SANTA MARIA, Calif. - "I think he got away with murder", Barbara Clark says about 25-year-old Nicholas Bendle.
Bendle is due to be transferred from the maximum security Patton State Hospital in Santa Bernardino after about three years of treatment for mental illness following his guilty plea for using a hatchet to kill Clark's brother, 69-year-old Fred Holgate back in August of 2009.
"It scares me", Clark says from her home out of state in an exclusive interview with KCOY 12 Central Coast News, "I know my sister-in-law (Holgate's wife) is terribly frightened, she's afraid to talk, it scares me, he shouldn't be released."
Nick Bendle was 19 when he stole a hatchet from a stranger's garage and nearly decapitated Holgate who was out taking his early morning walk in Santa Maria on August 1, 2009.
Bendle and Holgate did not know each other and Bendle had no prior criminal history.
Bendle was sent to Patton State Hospital instead of prison after the judge in his case found him to be legally insane at the time he attacked Holgate.
The prosecution and defense agreed Bendle suffered a "psychotic break" and hallucinations triggered by undiagnosed paranoid schizophrenia and should be found not guilty by reason of insanity.
"There's no cure for schizophrenia", Barbara Clark says, "if he's cured then he's played the system, there's something wrong with the picture."
Now three years later, doctors at Patton State Hospital describe Bendle as a model patient who has made a remarkable recovery from his mental illness and is ready to be moved to a minimum security, but locked, residential transitional facility without the need of further medication.
Barbara Clark says three years in maximum security lockup is not enough time for Nick Bendle given the violent crime he committed, regardless of his current mental health and "remarkable" recovery.
Clark says the passage of time has done nothing to ease the pain of her brother's violent death.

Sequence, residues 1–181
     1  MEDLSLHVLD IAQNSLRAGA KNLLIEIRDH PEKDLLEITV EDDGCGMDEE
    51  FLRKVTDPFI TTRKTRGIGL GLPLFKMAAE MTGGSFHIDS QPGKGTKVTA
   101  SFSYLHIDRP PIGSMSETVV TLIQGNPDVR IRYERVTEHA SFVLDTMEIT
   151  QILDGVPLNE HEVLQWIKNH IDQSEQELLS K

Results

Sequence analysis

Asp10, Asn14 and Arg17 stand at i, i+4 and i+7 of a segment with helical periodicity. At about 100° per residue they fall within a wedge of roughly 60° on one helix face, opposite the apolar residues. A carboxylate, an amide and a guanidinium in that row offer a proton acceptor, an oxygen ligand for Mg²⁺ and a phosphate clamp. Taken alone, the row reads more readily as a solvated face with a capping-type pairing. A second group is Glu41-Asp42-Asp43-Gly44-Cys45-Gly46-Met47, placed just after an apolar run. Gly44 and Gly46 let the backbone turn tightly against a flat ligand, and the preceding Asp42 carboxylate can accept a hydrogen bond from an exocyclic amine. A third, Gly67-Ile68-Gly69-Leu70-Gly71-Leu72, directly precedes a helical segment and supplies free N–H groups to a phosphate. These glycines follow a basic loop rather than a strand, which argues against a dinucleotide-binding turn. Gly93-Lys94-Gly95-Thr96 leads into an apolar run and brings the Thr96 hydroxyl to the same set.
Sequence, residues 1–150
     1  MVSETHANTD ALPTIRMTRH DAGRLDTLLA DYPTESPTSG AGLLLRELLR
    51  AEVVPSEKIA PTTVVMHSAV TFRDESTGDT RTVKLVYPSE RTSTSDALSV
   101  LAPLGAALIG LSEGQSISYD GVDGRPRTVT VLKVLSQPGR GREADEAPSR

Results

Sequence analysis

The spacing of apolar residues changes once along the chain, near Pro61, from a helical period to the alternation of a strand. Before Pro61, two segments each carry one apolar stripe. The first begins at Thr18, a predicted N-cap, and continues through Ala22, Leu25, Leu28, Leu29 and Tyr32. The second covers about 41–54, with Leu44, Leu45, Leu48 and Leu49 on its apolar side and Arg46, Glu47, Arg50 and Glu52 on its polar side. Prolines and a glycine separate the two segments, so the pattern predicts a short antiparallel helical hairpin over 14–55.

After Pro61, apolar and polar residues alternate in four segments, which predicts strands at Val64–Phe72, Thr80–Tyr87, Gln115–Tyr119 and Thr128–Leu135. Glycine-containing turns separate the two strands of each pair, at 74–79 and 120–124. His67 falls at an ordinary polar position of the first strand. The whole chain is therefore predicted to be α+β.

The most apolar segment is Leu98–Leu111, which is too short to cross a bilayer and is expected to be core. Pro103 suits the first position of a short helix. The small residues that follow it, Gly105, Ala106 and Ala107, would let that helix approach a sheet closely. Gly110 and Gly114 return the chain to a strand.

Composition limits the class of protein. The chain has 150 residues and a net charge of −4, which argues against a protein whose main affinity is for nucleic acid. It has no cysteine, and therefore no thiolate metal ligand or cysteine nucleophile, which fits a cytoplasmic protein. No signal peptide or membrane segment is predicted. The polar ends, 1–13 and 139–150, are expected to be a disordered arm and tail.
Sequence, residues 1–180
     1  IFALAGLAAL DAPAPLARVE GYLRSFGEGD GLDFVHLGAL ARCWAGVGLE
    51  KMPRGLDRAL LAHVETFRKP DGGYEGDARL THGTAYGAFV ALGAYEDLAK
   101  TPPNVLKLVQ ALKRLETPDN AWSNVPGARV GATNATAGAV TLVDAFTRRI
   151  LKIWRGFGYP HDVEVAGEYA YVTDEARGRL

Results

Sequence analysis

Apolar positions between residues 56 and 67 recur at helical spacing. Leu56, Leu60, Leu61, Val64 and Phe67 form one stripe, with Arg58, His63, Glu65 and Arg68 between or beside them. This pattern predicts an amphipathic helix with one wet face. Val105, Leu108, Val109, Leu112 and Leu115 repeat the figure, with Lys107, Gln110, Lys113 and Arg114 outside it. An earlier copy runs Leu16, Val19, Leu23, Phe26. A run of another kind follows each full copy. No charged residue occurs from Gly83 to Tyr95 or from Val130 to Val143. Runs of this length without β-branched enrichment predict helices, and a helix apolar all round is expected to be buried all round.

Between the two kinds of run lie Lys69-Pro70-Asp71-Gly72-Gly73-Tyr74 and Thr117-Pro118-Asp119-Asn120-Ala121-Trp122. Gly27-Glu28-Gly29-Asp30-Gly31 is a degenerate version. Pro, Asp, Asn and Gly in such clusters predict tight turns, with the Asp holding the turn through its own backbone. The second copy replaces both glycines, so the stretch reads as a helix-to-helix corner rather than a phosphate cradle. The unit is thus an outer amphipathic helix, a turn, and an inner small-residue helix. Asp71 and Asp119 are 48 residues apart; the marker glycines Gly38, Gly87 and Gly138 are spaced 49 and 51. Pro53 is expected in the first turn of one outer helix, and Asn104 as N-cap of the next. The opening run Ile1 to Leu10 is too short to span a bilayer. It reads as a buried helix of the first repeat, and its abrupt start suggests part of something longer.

"He's still a young man", Clark says, "I pray to God that he doesn't kill anybody, but I wouldn't trust him, I wouldn't want him living next door to me and I hope the judge doesn't want him living next door to him."
Clark says she and her other family members are resigned to the fact the Bendle will eventually regain his freedom.
"I think its justice denied", Clark says, "you get seven and a half years if you steal money and you have to serve that, he (Bendle) chopped off a man's head with an axe that he didn't even know, no that's not right."
Bendle was expected to be transferred to a 24-hour, locked residential transitional facility in Sylmar, in the San Fernando Valley, but officials there said Bendle would not benefit from their programs given his good mental health.
Now the judge overseeing his case must work with Bendle's defense attorney and the District Attorney's Office to find another, suitable location for Bendle to be transferred to as part of his eventual if not gradual release back into society.
"Its not right" Barbara Clark says fighting back tears, "but there is nothing I can do about it, I have no control, its up to the judge and the psychiatrists, there's nothing I can do but say what Ii feel, that its wrong, its wrong."
Bendle's case returns to Santa Maria Court on Monday for further review at which time a new venue could be decided on for Bendle's transfer.
In the meantime Bendle will remain at Patton State Hospital.